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15.1 Patterns of Organised Crime in the Philippines

Its geographical location and archipelagic coastline make the Philip-

pines particularly vulnerable to the smuggling of contraband. Com-
prehensive enforcement of the long maritime borders is very difficult
and explains the relatively high incidence of crimes such as piracy,
firearms smuggling, and drug trafficking. There are, to date, very few
systematic reports on the levels of organised crime in the Philippines.
The main source of information is the Philippine Centre on Trans-
national Crime which was established by the Government to conduct
and disseminate research on this phenomenon.
Much of the available documentation crystallise drug trafficking
and trafficking in persons as the chief organised crime problems in
the Philippines.878 For example, the UN Office on Drugs and Crime
(UNODC), citing the Philippines Dangerous Drugs Board, recently
reported that in 2007, eight transnational drug trafficking groups were
operating in the Philippines, often in concert with one or more of the
249 reported domestic groups.879 Further, trafficking in persons, espe-
cially women, from the Philippines occurs at very high levels. In 2000,
it was estimated that 143,611 Filipina women had left the country and
ended up working in slavery-like conditions abroad.880 The smuggling
of firearms and other contraband have also been described as ‘ram-
pant’. According to other research papers published by the Philippine
Centre on Transnational Crime, drug trafficking, motor vehicle theft,
illegal gambling, prostitution, piracy of software and other intellectual

See generally, James Finckenauer & Ko-Lin Chin, Asian Transnational Organized
Crime (2007) 9–10.
UNODC, Amphetamines and Ecstasy, 43.
Philippine Center on Transnational Crime, ‘Technical Issues in Regional and
Global Cooperation against Organized Crime’, paper presented at the Asia Pacific
Ministerial Seminar on ‘Building Capacities for Fighting Transnational Organized
Crime’, 20–21 Mar 2000, Bangkok, available at
htm (accessed 21 July 2009).
242 chapter fifteen

property, and also robbery, and kidnappings for ransom, are the crimes
most commonly connected to organised crime groups in the Philip-
pines. The available reports further argue that some criminal organi-
sations are closely connected to separatist and terrorist organisations
in the southern parts of the Philippines.881 This is manifested in the
piracy that occurs in the Southern Philippines. Many of the attacks on
ships in the region are carried out by highly armed and sophisticated
groups that are associated with the Moro Islamic Liberation Front or
the Abu Sayyaf group.882
Information about the types and size of criminal organisations is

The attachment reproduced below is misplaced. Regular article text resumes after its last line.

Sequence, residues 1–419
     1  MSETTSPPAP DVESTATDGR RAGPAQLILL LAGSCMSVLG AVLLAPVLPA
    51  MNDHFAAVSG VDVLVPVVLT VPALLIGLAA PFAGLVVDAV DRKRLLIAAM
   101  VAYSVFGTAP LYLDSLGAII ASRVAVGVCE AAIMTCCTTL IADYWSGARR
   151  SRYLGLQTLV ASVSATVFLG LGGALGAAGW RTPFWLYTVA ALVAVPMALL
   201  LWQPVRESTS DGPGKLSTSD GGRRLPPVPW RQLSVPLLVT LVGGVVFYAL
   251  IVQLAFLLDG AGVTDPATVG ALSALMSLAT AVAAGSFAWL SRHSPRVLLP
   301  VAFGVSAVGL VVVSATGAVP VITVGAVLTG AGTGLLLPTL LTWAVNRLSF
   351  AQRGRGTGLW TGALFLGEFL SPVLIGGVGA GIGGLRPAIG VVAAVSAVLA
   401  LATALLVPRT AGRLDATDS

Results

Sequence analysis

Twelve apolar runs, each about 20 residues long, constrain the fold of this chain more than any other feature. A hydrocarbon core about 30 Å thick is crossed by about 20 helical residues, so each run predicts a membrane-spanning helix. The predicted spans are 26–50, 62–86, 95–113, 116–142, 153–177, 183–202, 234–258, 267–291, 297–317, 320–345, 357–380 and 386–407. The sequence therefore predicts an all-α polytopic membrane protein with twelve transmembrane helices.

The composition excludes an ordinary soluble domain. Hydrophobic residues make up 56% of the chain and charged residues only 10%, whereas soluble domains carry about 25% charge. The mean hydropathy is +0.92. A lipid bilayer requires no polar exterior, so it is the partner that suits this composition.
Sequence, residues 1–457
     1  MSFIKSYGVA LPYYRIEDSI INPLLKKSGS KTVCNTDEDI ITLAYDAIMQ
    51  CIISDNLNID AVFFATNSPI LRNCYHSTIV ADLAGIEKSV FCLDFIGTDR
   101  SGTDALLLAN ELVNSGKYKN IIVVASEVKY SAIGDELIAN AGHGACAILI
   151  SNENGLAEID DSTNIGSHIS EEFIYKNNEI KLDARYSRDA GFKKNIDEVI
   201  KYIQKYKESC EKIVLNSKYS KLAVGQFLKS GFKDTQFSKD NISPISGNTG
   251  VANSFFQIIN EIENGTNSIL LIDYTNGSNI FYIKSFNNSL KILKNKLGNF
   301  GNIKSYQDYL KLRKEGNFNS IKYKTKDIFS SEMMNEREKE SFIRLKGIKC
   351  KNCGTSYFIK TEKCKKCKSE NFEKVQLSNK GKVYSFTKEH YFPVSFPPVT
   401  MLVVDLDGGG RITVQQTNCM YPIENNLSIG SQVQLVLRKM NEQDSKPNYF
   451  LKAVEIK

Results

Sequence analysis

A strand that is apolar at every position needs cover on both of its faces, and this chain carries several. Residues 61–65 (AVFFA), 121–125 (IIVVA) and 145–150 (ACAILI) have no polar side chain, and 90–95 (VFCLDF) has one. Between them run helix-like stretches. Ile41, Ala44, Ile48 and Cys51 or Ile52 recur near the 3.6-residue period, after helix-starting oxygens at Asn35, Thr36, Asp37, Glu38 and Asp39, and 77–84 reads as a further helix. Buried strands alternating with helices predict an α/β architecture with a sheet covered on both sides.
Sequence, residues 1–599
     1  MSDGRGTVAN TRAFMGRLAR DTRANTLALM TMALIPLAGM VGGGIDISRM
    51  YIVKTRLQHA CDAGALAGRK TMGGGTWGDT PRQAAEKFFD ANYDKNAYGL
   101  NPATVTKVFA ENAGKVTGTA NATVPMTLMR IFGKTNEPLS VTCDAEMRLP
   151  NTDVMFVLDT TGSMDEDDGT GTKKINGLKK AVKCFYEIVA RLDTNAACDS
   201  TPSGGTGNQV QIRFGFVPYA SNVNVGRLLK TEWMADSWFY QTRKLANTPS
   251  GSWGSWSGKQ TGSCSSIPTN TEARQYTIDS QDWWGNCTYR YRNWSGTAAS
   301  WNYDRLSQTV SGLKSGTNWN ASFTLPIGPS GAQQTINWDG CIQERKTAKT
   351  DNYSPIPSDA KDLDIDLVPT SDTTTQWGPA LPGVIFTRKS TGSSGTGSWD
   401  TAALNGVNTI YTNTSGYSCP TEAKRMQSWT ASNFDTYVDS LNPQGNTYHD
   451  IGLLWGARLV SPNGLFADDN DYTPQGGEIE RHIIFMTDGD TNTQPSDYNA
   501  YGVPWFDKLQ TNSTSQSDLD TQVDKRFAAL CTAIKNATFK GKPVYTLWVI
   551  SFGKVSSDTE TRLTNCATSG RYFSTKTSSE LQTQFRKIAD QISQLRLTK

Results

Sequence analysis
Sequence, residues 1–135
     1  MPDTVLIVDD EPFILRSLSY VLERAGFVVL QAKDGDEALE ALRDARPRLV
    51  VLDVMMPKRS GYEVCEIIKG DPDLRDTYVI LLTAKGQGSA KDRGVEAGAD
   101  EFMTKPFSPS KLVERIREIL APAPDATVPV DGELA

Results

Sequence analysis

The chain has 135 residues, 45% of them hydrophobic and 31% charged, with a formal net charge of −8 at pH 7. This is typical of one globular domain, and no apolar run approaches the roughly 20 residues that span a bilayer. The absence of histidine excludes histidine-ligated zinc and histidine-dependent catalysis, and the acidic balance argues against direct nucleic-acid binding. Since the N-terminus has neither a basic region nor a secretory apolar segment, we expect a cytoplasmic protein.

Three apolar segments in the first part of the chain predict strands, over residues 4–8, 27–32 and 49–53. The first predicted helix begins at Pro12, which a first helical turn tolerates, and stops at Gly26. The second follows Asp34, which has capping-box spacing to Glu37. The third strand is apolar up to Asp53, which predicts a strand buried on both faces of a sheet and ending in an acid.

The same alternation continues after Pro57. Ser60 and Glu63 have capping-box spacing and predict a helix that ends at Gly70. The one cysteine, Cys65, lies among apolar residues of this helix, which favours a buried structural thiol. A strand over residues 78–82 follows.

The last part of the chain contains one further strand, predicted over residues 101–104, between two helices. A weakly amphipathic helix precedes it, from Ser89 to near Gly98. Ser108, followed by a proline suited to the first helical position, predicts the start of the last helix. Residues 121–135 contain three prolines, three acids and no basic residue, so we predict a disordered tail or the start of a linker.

not always consistent. In 2003, the Philippine Centre on Transnational
Crime noted that criminal organisations have only surfaced recently
in the Philippines and are not as embedded in society in the same way
as they are, for example, in neighbouring Taiwan, Hong Kong, and
mainland China.883 Another paper released by the Centre in the same
year, however, identified ‘83 big time drug syndicates operating in the
country with a membership of approximately 560,000 drug pushers’.
The same report found that transnational crimes in the Philippines
‘are mainly enterprise crimes perpetrated by transnational organised
syndicates that maintain entrepreneurial and opportunistic temporary
In the 2003 report, the Philippine Centre on Transnational Crime
identified the so-called Pentagon Group as one of the largest criminal
organisations in the country. The group is estimated to have about 168
members that frequently engage in kidnappings for ransom and are
closely associated with the separatist Moro Islamic Liberation Front
in Mindanao. The Francisco Group, named after its leader Mr Manuel
Francisco, is a group of 66 armed men that engage in motor vehicle
theft, drug trafficking, and robberies throughout the country. The Lexu
group is another known motor vehicle theft gang in the northern Phil-
ippines, and the Rex ‘Wacky’ Salud group has been associated with

Philippine Center on Transnational Crime, ‘Organized Crime in the Philippines’,
paper presented in Tokyo, 27–90 Jan 2003, available at
htm (accessed 21 July 2009); cf. Savona et al., Organised Crime across the Borders, 24.
Eklöf, Pirates in Paradise: A Modern History of Southeast Asia’s Maritime
Marauders, 35–44.
Philippine Center on Transnational Crime, ‘Organized Crime in the
Philippine Center on Transnational Crime, ‘Technical Issues in Regional and
Global Cooperation against Organized Crime’.